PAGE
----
What we’re facing nowadays is just a different paradigm where artists are not merely artists anymore but also managers and marketeers and sellers of their own work. This of course takes time out of the creation process but it makes things all the more serious and responsible at the same time. It’s a kind of a darwinian process where the machine feeds on the least apt to survive and the more persistent and hopefully better will resist and continue to produce work.
I’m sure there’s many people using technology and hacking solutions to come up with inventive projects where fast-information is used with a meaningful purpose, but I’m certainly more interested in following a different and more classical approach with my work.
Contemporary photography – or any kind of contemporary art – will always draw parallel comparisons with former techniques and styles so instead of aiming for interstellar originality I’m much more concerned in producing images that can survive the test of time and still be puzzling and engaging to the viewer.
Susan Sontag once said “The camera makes everyone a tourist in other people’s reality, and eventually in one’s own”. How has photography changed the way you look at the world and what have you learnt about yourself?
I learned that photography is the least important thing. The important thing is to be fully there when you press the button and then just move on with whatever is happening around you. That’s why I’ve dropped completely using digital cameras when I go out to shoot I simply don’t want interruptions and to break the flow of what’s going on around me.
I’m not interested in knowing how the picture will look like either. I trust the machine and my own acquired abilities to do that. I’m much more interested in discovering things around me and noticing what is slightly off-reality or disconnected. It can be a person or some shadow or reflection, I like those “things that could be something else” and I prefer to keep this window of perception opened instead of fighting technicalities.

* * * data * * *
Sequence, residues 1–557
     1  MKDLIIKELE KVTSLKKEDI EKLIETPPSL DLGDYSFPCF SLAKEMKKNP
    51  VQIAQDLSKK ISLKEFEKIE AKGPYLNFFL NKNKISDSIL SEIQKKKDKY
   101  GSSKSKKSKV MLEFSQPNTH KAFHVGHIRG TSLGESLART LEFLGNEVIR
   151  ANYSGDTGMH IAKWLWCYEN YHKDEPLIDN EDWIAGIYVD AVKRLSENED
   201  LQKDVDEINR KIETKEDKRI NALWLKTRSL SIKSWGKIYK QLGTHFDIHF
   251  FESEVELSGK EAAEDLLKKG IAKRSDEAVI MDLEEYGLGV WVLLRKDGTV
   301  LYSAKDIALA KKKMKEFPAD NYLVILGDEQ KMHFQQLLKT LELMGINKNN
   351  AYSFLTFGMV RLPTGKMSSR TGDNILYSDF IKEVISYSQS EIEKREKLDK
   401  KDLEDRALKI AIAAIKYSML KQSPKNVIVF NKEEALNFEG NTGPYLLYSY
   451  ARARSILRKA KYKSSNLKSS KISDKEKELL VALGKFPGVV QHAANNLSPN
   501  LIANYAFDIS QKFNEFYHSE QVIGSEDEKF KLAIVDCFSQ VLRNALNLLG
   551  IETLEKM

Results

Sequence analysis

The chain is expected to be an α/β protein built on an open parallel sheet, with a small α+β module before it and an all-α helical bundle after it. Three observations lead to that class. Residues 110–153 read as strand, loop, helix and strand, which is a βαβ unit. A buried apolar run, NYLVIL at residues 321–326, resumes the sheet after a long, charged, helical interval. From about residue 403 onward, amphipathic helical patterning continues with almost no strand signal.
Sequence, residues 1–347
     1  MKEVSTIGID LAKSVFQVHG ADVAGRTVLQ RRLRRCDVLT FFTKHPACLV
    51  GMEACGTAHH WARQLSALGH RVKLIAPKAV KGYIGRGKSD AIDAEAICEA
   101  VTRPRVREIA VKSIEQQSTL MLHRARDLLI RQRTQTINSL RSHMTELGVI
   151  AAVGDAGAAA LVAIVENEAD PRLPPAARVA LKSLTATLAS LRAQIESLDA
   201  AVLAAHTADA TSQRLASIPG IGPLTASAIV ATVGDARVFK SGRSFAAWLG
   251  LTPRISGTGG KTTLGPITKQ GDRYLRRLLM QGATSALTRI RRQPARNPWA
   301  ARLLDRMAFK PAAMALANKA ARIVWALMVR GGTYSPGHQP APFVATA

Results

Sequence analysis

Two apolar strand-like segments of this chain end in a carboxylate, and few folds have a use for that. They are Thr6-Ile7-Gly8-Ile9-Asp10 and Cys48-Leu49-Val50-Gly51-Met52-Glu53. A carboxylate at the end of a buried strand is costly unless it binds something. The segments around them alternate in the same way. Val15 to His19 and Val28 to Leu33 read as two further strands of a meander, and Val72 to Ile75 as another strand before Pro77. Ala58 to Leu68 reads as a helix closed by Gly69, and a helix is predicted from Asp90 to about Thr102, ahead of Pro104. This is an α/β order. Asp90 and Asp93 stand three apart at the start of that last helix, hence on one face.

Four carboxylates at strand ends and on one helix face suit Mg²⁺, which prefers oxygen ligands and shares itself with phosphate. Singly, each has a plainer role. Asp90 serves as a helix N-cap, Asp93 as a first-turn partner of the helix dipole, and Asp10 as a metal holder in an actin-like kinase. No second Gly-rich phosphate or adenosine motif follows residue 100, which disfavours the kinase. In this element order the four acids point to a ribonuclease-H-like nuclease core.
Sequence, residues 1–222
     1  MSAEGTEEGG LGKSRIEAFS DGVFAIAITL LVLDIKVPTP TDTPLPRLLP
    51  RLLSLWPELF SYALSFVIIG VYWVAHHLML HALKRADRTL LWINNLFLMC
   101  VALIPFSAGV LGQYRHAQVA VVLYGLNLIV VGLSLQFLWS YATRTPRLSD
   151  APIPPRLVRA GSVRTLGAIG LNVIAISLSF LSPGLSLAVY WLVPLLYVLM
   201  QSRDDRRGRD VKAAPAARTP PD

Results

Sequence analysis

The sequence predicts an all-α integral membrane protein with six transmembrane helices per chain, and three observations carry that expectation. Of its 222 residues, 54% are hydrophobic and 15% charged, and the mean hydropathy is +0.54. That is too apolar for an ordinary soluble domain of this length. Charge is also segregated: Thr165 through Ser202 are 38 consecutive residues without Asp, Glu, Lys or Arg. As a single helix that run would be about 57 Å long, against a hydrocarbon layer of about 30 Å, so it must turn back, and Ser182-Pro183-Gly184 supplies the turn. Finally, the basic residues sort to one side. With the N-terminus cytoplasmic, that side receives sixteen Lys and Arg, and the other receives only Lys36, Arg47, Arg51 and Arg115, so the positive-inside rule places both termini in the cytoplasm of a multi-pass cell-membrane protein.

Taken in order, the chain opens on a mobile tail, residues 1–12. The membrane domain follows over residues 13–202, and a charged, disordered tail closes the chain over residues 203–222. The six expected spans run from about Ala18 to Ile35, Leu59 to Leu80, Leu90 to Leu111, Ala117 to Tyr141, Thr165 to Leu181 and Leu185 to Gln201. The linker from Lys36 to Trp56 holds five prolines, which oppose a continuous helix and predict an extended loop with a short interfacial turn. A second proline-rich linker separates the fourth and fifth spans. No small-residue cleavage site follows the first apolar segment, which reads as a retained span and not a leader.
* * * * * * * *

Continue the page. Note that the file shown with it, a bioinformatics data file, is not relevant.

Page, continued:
Every photographer is going through different stages in his formation. Which “landmarks” do you recall that have marked you and brought you to the place where you are today as a photographer?
“It’s a very organic process and difficult for me to analyze in a systematic way.”
I believe there’s a big distinction between people who use photography as a means to eat and pay their bills and those who do it for artistic purposes. I find myself included on the latter, and having said that, the stages I see myself passing mean more to me as a person than as a person grabbing a camera to take pictures. Does this make sense?
What I intend to say is that photography is part of my life as much as my partner is, so if something changes in my life – let’s say the city I live in or the friends that are around me – photography (and I don’t mean style) will inevitably change as well. So it’s a very organic process and difficult for me to analyze in a systematic way.
Last but not least, let’s switch roles: Which question would you have liked to be asked in this interview about your work that I didn’t ask? Please feel free to add it – as well as the answer.
Oh, this is inventive! Lets see. I like reading interviews that address questions about childhood and how childhood memories affect the artistic production.
So, what has been in my head for a number of years and will one day eventually turn into a project is this idea that spaces retain traumas and that going back to spaces can be a way of going back into your own memories. I’m very much interested in re-visiting the house where I lived when I was a kid and photographing that experience.
[…] Nuno Moreira (born 1982 in Lisbon) is a contemporary photographer from Portugal currently based in Tokyo, Japan. He holds a degree in cinema. Nuno Moreira has recently published a monograph called “State of Mind”. […]